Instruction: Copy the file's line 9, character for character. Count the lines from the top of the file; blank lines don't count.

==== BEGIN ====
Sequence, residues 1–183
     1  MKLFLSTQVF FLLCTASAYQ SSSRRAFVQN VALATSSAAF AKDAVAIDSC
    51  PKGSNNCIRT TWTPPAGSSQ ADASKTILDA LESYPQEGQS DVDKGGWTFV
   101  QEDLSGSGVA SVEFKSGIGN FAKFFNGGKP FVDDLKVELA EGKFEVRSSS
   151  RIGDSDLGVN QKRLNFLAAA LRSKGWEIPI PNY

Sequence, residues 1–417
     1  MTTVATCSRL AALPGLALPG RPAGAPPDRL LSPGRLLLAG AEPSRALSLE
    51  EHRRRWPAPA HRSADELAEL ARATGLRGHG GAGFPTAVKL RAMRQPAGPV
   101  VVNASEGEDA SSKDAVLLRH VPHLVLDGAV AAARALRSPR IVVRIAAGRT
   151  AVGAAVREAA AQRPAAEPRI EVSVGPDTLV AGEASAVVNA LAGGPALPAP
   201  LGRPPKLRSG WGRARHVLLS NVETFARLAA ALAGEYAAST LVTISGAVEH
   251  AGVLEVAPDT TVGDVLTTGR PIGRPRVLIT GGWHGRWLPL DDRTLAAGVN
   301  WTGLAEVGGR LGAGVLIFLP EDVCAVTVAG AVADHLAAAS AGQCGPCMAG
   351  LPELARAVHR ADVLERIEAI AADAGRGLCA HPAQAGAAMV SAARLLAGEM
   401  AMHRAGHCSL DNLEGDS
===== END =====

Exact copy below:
   101  VVNASEGEDA SSKDAVLLRH VPHLVLDGAV AAARALRSPR IVVRIAAGRT